[Via Satellite 03-11-2015] The United States Defense Information Systems Agency (DISA) performs the critical work of establishing and managing commercial satellite communications (comsatcom) contracts for the Department of Defense (DOD). With an eye to the future, the agency is already planning what comes next after the Wideband Global Satcom (WGS) system draws to a conclusion over the next 10 years.
DISA is working a series of Pathfinders — a means of trialing new satcom procurement methods — in conjunction with the Air Force to gain a better understanding of the nation’s comsatcom requirements. This includes investigating alternative means to acquire comsatcom services, ensuring efficient usage of these services, and evaluating new comsatcom management strategies. Eron Miller, chief of DISA’s satcom division infrastructure directorate spoke with Via Satellite about how the agency is meeting its satcom needs, and the potential impact of new technologies in the coming years.
Via Satellite: How does DISA seek to manage its satcom needs today? Is supply keeping pace with demand?
Miller: The short answer is yes. While we have some concerns with the on-orbit capacity in the Pacific, in general the commercial capacity available today is meeting DOD’s peacetime satcom need. DISA’s satcom division continually works with our DOD customer base to develop and refine requirements and helps these end users understand the full spectrum of commercial services available to military operations.
Via Satellite: Like the near-rampant pace of demand for connectivity in the commercial sector, the need for bandwidth for military applications is growing. What do you see as some of the key drivers?
Miller: DOD’s use of commercial satcom is evolving. After seeing steady increases from 2002 to 2010, the Department’s use of comsatcom services has leveled off and remained relatively flat over the past few years. Unlike in the commercial sector, the demand for bandwidth for military applications is growing; where we need these services is dependent on the world geo-political climate.
Airborne Intelligence, Surveillance, and Reconnaissance (AISR), airborne communications, and the ever-increasing ground-based communications needs of the DOD are some of the primary drivers of our increasing communicators needs.
Via Satellite: Do you believe High Throughput Satellites (HTS) will have a major impact on military satellite communications?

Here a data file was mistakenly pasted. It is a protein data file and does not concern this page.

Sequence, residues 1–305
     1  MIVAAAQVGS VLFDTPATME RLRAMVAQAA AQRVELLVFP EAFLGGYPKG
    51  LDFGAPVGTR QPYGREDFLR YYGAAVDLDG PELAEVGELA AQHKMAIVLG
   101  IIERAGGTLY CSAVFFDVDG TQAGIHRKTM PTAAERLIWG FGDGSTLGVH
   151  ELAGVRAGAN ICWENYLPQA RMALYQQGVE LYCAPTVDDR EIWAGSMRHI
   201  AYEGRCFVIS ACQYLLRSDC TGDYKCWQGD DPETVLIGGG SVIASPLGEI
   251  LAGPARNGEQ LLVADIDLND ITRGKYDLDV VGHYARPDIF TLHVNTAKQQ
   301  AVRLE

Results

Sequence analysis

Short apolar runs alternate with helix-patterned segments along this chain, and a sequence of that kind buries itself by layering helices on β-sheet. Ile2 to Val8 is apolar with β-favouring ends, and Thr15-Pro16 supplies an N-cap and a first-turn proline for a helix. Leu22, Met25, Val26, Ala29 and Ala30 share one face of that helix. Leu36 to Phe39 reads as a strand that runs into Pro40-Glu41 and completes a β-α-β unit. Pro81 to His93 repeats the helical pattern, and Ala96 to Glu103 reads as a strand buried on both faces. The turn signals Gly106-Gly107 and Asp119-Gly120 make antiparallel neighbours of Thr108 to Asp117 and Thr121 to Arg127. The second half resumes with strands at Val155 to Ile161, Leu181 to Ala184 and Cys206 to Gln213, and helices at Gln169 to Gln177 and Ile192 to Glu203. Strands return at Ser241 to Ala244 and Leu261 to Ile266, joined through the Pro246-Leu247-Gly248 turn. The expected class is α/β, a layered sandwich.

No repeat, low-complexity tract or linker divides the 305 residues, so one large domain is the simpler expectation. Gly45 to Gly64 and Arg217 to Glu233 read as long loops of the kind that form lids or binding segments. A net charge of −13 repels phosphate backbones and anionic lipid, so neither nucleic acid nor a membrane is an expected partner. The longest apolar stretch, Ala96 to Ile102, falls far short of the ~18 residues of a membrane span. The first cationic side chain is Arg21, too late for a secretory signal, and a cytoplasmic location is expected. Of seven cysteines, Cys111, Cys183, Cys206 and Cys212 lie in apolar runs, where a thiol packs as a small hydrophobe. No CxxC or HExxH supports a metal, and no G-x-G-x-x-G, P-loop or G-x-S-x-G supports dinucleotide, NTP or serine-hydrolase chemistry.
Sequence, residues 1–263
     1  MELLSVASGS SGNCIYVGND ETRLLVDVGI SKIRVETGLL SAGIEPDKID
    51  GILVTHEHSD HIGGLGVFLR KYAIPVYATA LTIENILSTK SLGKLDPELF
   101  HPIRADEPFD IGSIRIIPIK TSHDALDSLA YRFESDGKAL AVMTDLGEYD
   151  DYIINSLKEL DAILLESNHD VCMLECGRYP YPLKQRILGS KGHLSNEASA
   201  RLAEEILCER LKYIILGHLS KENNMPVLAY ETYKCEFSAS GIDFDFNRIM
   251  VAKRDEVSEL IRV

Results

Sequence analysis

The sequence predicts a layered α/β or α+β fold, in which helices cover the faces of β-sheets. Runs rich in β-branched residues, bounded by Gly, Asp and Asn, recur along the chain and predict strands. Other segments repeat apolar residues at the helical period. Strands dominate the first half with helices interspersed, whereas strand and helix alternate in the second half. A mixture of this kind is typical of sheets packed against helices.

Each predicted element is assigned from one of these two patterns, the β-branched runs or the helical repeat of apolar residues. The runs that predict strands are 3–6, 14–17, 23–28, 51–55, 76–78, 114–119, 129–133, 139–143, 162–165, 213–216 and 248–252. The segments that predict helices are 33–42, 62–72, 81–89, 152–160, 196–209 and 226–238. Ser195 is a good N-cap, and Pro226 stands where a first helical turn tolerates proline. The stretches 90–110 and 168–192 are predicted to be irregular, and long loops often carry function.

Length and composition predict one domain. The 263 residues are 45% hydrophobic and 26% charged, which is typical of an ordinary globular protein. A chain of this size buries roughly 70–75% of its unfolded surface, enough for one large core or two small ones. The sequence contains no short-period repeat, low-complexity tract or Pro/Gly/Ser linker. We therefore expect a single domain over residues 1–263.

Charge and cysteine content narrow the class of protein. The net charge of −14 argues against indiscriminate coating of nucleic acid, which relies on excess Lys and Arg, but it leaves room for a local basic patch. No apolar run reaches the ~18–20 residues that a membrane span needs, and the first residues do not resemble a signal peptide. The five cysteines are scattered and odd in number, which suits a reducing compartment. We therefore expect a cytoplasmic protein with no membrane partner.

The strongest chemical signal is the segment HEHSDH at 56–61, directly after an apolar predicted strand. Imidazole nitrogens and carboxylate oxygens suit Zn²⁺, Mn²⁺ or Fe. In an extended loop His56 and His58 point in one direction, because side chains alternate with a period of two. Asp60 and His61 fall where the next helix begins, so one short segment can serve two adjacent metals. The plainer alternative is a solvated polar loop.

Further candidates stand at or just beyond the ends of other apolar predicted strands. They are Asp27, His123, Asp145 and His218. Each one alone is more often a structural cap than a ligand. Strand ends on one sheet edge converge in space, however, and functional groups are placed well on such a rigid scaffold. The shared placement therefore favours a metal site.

Miller: The DOD currently leases approximately 10 GHz of bandwidth worldwide, making the Department the single largest individual consumer of commercial satellite services. The introduction of HTS is anticipated to impact the commercial marketplace by increasing the amount of on-orbit capacity available for lease. We are hoping to see greatly reduced pricing. It’s too early to speculate how military requirements will be impacted by the increased capability delivered by HTS.
Via Satellite: What are your thoughts on spectrum types (X band, Ka band, etc.)? How does each fit into your needs, and do you see the need for one type over the other changing?
Miller: It is the DOD’s goal and intention to maximize the use of WGS and to use commercial satcom when WGS capacity is unavailable, when user demand exceeds the supply of WGS capacity, or when the users’ infrastructure will only operate over commercial satellites. Maximizing the use of WGS translates to using military X and Ka band. Currently, many user terminals only operate in Ku, so as long as those terminals are in the military inventory, the DOD will likely be leasing a large amount of Ku band.
Via Satellite: Has U.S. spending on comsatcom increased or decreased the past few years? What has contributed to this?
Miller: As previously mentioned, the DOD’s requirements have leveled off over the past few years. Our spending has followed suit. We have seen some cost decreases as a result of leasing more services in lower cost regions and leasing less in high cost regions. However, overall spending has remained constant.
Via Satellite: What has the U.S. learned from partnering with other nations on programs such as WGS? Do you see more collaborations of this type in the future?
Miller: DISA does not work the WGS program, so I’m not qualified to speak for lessons learned by the WGS program office. However, the DOD is committed to partnering with allies in future satcom or other acquisition initiatives as practical to reduce the required DOD investment.
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